Pirates' Michael McKenry hopes to catch on for 2012

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MILWAUKEE -- Michael McKenry played for multiple hitting coaches in three organizations this season before settling with the Pirates.

After the season, he will attempt to gain some stability at the plate.

McKenry will play in the instructional league this fall and get one-on-one instruction from manager Clint Hurdle to remove the clutter from his swing.

"We presented it to each other," McKenry said. "It's something I want to improve. I had a vast array of knowledge and stuff coming in and I just kind of want to narrow it down and focus on one thing."

McKenry, who joined the Pirates from the Boston organization in June, hit .195 in his first month, but .289 in July. When Ryan Doumit returned from injury and Jason Jaramillo joined the team after rosters expanded, McKenry's playing time decreased. He has only 17 at-bats in September, but said the time off has benefited him.

"This whole year is just a great learning process," he said. "If I just take all that information and bottle it up and grow with it and then hone in my skills and, hopefully, get everything I can out of my body, I think some good things can happen for me."

Doumit hit .331 since coming off the disabled list Aug. 3 and .411 in 21 September games. The Pirates have a two-year, $15.5 million club option on Doumit, though Doumit said he did not know whether the team planned to exercise it.

"I'd always be open to that," he said about returning to the Pirates. "I really haven't put too much thought into it."

Hurdle said he was pleased with Doumit's production when he was healthy, but the missed time was an issue.

"He worked so hard in spring training, focused on coming in, knew the challenges, he knew what role would have to be filled," Hurdle said.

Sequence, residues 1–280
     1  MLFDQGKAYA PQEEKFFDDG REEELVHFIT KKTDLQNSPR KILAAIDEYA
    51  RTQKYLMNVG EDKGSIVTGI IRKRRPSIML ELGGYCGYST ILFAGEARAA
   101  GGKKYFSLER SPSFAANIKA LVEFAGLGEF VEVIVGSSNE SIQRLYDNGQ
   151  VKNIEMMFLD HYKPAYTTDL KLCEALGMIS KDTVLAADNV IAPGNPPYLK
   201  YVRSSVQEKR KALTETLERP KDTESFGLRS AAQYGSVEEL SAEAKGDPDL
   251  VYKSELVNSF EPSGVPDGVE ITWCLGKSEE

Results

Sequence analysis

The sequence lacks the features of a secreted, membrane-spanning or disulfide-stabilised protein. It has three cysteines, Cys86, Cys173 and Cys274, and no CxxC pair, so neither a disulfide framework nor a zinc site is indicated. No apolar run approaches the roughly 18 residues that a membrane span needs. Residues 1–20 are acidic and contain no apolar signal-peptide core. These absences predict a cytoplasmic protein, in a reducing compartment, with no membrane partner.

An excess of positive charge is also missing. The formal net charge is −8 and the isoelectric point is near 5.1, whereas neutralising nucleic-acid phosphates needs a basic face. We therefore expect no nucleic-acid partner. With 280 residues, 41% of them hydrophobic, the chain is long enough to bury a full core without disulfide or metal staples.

"We don't want to close any doors on anybody," said Hurdle, referring to Chris Snyder and Paul Maholm, other players with club options, as well as Doumit. "We just see which direction we need to go and economically what things can happen for the best of both parties. These guys could get an opportunity to go out and people could make big plays for him."

The catcher position is uncertain for 2012 because of the options attached to Doumit and Snyder, who has a $6.75 million club option. McKenry saw the chance to work with Hurdle as an opportunity to improve to the point where he can contribute next season.

"Let's see how good we can get, redefine me as a hitter," McKenry said. "Hopefully, make me way better than I am right now and help this ballclub win daily."

McKenry's biggest contribution came on defense, where he immediately served as a solid receiver and blocker behind the plate and played a large role in Charlie Morton's progression throughout the summer.

"It's just pride," he said. "I have a ton of pride when it comes to catching. I don't want to be just OK, I want to be the best.

"I love it. I like it when the ball hits me in the face mask. I like having bruised thumbs and bruises all over my chest. I eat it up. I couldn't imagine playing any other position."

He has a bruised thumb right now, courtesy of a Joel Hanrahan slider that McKenry instinctively tried to barehand.

Hair on fire

Entering the final game of the regular season Wednesday, neither the American League nor National League had determined its wild-card playoff team. The possibility existed for both leagues to have one-game playoffs.

Hurdle, whose Colorado Rockies won a one-game playoff in 2007 and went to the Word Series after winning 14 of the final 15 regular-season games, referred to the one-game playoff experience as hair-on-fire survival.

"It was, win the game we're playing that day and whatever pieces you have the next day, that's what you go with," he said.

The Rockies started former Pirate Josh Fogg, who Hurdle said earned the nickname "Dragon Slayer" that year for taking down the game's best opposing pitchers, and won in 13 innings.


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